At SEP, we design and develop software products for our customers. Our ability to do that well is founded on solid technical practices. To take it to the next level, however, we need to be able to seamlessly collaborate with our clients.
Over the past few years, we’ve started inviting our clients into our Slack workspace. We’ve had great success in higher levels of collaboration, even when we’re not sitting in the same building!
It’s tough sometimes to want to provide transparency to our clients: they may not like our ideas, they may see how much we disagree with each other internally, they may see we don’t actually have it all figured out and that we’re all learning/failing all the time.
Transparency is vulnerability. Letting our clients in on those secrets above are great ways to build stronger collaboration and trust. It lets them see how the proverbial sausage is made. It lets them see the haunted house with the lights on - it’s not so scary or disorienting.
These concepts and fears fall directly in line with one of my favorite books, Getting Naked by Pat Lencioni (Don’t be alarmed, the “Naked” part is about being transparent).
Tighter Feedback Loops
When was the last time you (or someone else) said: “I hope it takes a long time to find out the answer to this question that’s blocking my work!”
I’m hoping never!
As software developers and designers, we’re tasked with making important micro-decisions all day, every day. Sometimes, we need to ask the client for direction. When we’re all in Slack together, the lead time on that answer goes down significantly versus the time it may take to write an email or wait until the next scheduled phone call.
Slack also makes it really simple to share documents, status updates, and even your screen. If a picture is worth a thousand words, a screen share with live software is priceless.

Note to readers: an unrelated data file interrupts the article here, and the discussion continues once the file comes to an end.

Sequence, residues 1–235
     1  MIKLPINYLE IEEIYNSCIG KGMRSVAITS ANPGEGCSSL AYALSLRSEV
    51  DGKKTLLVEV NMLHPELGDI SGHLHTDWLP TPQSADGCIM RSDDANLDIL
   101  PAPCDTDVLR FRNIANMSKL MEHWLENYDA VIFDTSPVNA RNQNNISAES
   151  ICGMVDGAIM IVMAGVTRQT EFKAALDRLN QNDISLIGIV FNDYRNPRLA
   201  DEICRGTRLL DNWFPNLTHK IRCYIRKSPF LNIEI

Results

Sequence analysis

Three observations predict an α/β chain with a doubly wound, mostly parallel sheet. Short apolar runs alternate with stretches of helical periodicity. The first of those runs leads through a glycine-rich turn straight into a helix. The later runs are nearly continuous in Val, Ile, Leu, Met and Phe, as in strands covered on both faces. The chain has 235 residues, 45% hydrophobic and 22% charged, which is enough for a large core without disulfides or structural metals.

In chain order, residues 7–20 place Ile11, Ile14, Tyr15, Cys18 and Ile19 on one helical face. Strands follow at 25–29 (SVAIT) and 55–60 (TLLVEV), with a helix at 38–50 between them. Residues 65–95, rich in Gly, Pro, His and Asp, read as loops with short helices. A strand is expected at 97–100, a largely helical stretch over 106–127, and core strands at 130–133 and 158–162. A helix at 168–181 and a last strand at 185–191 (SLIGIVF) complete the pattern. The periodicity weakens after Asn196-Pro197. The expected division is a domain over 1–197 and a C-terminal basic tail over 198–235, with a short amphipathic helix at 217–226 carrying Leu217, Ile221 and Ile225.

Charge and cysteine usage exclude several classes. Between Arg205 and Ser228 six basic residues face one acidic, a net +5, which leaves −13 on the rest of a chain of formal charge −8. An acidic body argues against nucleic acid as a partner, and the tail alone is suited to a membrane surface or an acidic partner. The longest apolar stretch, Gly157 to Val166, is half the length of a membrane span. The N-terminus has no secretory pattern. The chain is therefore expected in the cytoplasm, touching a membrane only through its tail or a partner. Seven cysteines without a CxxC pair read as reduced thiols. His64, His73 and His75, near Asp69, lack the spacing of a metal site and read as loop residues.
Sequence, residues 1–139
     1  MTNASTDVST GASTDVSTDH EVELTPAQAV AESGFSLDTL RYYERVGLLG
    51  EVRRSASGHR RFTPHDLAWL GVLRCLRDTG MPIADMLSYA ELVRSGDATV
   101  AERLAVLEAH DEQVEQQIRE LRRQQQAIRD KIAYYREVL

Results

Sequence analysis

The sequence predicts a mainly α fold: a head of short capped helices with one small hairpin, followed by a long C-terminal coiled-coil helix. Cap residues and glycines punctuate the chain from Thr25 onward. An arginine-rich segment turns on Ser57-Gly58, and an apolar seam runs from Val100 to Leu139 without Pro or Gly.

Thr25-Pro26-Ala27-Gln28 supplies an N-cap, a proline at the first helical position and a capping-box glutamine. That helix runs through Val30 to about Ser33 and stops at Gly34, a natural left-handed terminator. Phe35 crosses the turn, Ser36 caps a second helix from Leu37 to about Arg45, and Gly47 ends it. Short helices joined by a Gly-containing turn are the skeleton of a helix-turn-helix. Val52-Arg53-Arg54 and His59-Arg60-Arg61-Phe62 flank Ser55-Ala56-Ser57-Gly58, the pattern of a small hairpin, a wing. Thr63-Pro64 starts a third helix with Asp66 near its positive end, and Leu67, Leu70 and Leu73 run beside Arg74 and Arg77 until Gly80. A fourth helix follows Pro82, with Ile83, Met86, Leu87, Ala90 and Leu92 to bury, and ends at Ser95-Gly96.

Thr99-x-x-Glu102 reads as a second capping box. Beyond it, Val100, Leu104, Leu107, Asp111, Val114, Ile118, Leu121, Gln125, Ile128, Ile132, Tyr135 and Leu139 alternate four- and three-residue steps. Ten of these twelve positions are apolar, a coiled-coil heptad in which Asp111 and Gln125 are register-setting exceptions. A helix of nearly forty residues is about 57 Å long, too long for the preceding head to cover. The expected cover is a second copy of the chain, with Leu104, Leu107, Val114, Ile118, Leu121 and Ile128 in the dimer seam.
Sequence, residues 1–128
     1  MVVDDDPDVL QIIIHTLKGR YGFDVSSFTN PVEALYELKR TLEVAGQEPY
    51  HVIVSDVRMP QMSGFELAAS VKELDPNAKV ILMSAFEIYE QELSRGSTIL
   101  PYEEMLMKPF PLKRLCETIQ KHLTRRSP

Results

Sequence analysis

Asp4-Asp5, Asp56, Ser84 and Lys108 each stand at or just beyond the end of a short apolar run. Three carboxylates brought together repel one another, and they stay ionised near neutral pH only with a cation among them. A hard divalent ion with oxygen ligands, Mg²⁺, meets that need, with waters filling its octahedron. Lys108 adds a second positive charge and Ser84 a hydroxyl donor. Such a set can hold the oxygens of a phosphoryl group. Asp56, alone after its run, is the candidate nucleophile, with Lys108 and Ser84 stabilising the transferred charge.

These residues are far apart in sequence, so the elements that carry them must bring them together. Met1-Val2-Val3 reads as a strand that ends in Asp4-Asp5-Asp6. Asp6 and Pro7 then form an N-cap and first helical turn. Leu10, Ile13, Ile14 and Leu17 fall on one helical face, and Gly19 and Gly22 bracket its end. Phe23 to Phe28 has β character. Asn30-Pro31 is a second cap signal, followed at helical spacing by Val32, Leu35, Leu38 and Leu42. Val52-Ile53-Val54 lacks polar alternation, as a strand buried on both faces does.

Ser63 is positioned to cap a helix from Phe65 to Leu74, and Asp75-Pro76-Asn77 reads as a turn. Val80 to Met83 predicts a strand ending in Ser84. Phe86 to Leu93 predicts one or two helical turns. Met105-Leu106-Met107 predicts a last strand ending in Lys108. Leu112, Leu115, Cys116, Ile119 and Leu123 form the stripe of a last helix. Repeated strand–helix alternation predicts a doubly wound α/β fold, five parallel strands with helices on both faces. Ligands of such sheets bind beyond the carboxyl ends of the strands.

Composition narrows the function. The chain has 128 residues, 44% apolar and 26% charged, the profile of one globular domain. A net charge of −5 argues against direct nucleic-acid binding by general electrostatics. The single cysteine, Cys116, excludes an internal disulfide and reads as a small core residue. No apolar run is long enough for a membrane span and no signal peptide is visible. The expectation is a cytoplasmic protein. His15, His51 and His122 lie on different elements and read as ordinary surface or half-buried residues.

Don’t Overdo It
It’s easy to let every conversation slide into ad-hoc Slack conversations. Don’t let this happen to you!
It’s important to keep in mind that direct human interaction (be it face to face or live phone call) is still the most effective means of communication. Even though it is convenient and productive to have our clients at our fingertips, we know we work best over high-bandwidth communication. Look out for opportunities for higher-bandwidth communication, such as:
- Iteration/Sprint Planning
- Regularly scheduled status updates
- Story-mapping or other discovery-based activities
We’ve been inviting our clients into our Slack for years. We’ve come up with some best practices around it:
- Put “client” in the name of the channel (e.g. #phoenix-project-client). This lets everyone know the client is in the channel.
- Invite the client as a single channel or multi-channel guest. We want to protect our clients’ privacy, so we make sure any client in our Slack can only see what they’re allowed to see.
- Put a duration on the guest account when inviting them (this is built-in to Slack). This helps to limit our security exposure. That way if our client’s Slack credentials are compromised sometime in the future, their account will already be disabled.
- Establish clear communication norms. For example, my current client doesn’t want me asking him about new feature ideas that I have on Saturday afternoon.
We work with a variety of clients in many different domains and corporate cultures. Slack may not fit every culture we work with, but we think it's a good tool to keep in mind when working with our clients.